Who will stop them?

Owen Hatherley

  • BuyThe Establishment and How They Get Away with It by Owen Jones
    Allen Lane, 335 pp, £16.99, September 2014, ISBN 978 1 84614 719 7

Part of what makes Owen Jones such a phenomenally successful figure by left-of-Labour standards is his ability to be several things at once. He is both insider, reporting back to ‘us’ about what ‘they’ think, and outsider, as shocked and angry about it as ‘we’ might be. He was brought up in Sheffield, Falkirk and Stockport and speaks in a sharp Mancunian accent, but he is also an Oxford graduate, with all the connections that can entail. He has Westminster experience as a parliamentary researcher, but to John McDonnell; his parents were Militant activists and his politics are rooted in a Trotskyist version of Labourism, yet he has managed to force a neoliberal Labour establishment to take him seriously. His opinions would be ridiculed as those of a ‘dinosaur’ if they came from a Peter Taaffe or Alan Woods, but he is inoculated against such criticism by his youth and avoidance of jargon. In many respects, he is the best thing to happen to the non-compromised, non-New Labour left in the mainstream media in decades: he makes ideas that are customarily patronised or dismissed seem plausible and attractive, and does so on primetime television. In this, he’s true to the entryist spirit of the 1980s radical left, but has no cadre behind him, bar several similarly populist figures whose leftism is usually somewhat softer. As a media personality, he’s unusual and interesting. As a writer, however, he can be frustratingly unreflective: it’s as though he’s worried that to question his own position would detract from the force of his arguments. His writing – for better and worse – often reads like a manifesto for a party that hasn’t yet formed.

The Establishment is a natural extension of Jones’s first book, Chavs (2012): this one, as a wag put it, is about ‘haves’. Both are entryist books of a sort, using mainstream language to talk about the things that the mainstream won’t talk about. The problem is that this language isn’t neutral. Chavs used a stereotype to talk about something else entirely: it wasn’t so much about what this ridiculed group was, whether it really existed and what the ridicule meant, as it was about the British working class and how it had been progressively disempowered and de-emancipated, first by the Conservatives, and then more decisively by New Labour. The Establishment, too, starts from a stereotype (the phrase was first used in its common modern sense by Henry Fairlie in the 1950s to denote the aristos who covered for Burgess and Maclean), this time to talk about the way the British ruling class has gone about disempowering the working class, to its own spectacular enrichment.

In both cases, Jones quickly and rightly dismisses the stereotype before moving on, but the stereotype has a habit of butting its way back in, and in both cases that’s because of Jones’s deafness to the appeal that the ruling class has directed towards a section of the working class since 1979: the promise of a rearranged, if in no way fairer, set of criteria for admission to the ruling class, and a carefully targeted neo-Victorian discourse of class differentiation. Chavs acknowledges but doesn’t explore the fact that the success of the term ‘chav’, and the screw-the-person-immediately-below-me rhetoric that comes with it, owes much to the old differentiation within the working class between the ‘deserving’ and ‘undeserving’. Jones misses the power of what the blogger Alex Williams has defined as ‘negative solidarity’ inside a demoralised, struggling and stratified proletariat. A blunt example: in the 1990s, when my father was working shifts as a sheet-metal worker, he loved to watch Harry Enfield, particularly the characters Wayne and Waynetta Slob, classic caricatures of welfare-dependent, indolent proto-‘chavs’. A Militant activist like Jones’s father, he wouldn’t have called them ‘undeserving’, he would have called them the ‘lumpen-proletariat’. That isn’t to say he was right or wrong in doing so, only that the working class is much less united than Jones would like to believe. He has, no doubt, identified a real and horrible phenomenon with real and horrible political effects, but it is useful, in trying to explain that elusive ‘and how they get away with it’, to recognise that the working class is divided against itself.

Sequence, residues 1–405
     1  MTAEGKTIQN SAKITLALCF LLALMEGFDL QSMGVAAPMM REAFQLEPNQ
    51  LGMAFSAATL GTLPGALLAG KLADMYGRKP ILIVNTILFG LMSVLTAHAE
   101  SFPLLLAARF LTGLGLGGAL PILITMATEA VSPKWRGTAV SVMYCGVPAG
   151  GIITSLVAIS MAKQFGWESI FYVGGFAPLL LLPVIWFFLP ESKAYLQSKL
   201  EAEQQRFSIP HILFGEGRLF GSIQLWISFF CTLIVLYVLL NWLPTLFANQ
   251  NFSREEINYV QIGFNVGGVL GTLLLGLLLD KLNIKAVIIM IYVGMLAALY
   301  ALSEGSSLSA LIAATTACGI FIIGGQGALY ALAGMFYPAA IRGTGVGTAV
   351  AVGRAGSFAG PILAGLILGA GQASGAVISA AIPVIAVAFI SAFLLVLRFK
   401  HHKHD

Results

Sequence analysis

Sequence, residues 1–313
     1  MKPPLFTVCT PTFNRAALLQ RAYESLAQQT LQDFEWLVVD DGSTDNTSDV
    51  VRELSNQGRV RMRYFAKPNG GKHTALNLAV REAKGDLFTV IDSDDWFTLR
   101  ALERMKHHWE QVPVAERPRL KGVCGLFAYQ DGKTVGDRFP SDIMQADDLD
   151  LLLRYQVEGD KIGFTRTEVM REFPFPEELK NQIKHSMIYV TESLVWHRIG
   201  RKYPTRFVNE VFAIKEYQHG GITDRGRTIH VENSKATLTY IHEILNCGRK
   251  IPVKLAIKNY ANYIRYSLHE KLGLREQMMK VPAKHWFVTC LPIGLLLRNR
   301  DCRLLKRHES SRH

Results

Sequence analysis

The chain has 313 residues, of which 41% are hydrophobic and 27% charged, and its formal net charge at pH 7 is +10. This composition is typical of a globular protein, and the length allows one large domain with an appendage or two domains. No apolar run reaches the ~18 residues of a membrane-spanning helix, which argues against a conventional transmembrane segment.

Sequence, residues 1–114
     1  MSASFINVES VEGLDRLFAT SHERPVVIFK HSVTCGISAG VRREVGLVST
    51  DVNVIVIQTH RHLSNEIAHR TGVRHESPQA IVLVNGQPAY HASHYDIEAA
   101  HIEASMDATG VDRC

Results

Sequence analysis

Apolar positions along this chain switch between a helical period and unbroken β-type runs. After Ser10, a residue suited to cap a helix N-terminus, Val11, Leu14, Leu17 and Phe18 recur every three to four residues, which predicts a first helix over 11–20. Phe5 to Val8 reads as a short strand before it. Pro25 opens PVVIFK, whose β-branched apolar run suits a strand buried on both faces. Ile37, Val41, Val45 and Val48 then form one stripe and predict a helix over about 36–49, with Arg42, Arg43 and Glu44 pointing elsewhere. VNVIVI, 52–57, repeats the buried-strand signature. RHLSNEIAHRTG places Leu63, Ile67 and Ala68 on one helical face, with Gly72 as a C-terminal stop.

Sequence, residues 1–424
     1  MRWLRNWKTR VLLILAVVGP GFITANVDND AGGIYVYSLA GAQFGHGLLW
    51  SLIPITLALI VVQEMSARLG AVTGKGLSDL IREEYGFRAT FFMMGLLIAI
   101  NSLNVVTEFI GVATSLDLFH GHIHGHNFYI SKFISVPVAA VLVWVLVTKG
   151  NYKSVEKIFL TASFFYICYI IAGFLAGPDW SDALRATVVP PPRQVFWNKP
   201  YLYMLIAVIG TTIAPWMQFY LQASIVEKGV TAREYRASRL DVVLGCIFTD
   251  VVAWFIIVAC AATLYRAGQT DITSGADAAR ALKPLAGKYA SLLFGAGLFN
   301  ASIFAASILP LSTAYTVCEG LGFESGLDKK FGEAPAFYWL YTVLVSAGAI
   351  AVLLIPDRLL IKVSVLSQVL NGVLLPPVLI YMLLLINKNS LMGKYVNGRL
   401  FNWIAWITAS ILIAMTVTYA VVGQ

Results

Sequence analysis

Yet what was exciting about Chavs was exactly that absence of ambiguity: it said the working class had been first disempowered and then ridiculed – and it had. The lack of nuance was a political strength. ‘What the Tories are doing,’ Jones wrote, ‘is placing the chav myth at the heart of British politics, so as to entrench the idea that there are entire communities around Britain crawling with feckless, delinquent, violent and sexually debauched no-hopers. Middle England on the one hand and the chavs on the other.’ This was ‘taken to its logical conclusion’, he claimed, by the centre-right think tank Policy Exchange, in a report suggesting that Liverpool, Sunderland and Bradford were ‘beyond revival’ and that their residents should be moved south. Jones was absolutely right: the targets are well chosen, the cause is just, the point is made. But again the nagging voice asks whether something isn’t being left out. For Jones, formed by Central Scotland, Greater Manchester, Sheffield, Oxford and Westminster, the working-class Tories that any working-class southerner or midlander will have encountered tend not to feature.

As culture is merely the pretext for a political argument, Chavs doesn’t actually say much about its ostensible subject. In The Establishment, Jones makes himself a lot of work by having endlessly to point out that he isn’t talking – as Fairlie was – about a tightly knit group of upper-class people who know and cover for each other. It isn’t surprising that after the success of Chavs, he has stuck to the formula, but the new book has some weaknesses as a result. In Chavs, Jones managed to draw senior Labour figures like Neil Kinnock and Hazel Blears into saying the most appalling things, surely because they didn’t really imagine the young comrade in front of them was going to do much with the material – some Verso book read by a couple of thousand of the converted, perhaps. So Blears in 2011 sneers at the very concept of local government – she and other Blairites wouldn’t trust them ‘to wash the pots, let alone run a community’ – and then admits that ‘we should have done a lot, lot more,’ because she had ‘16,000 on the waiting list’ for social housing in her Salford constituency.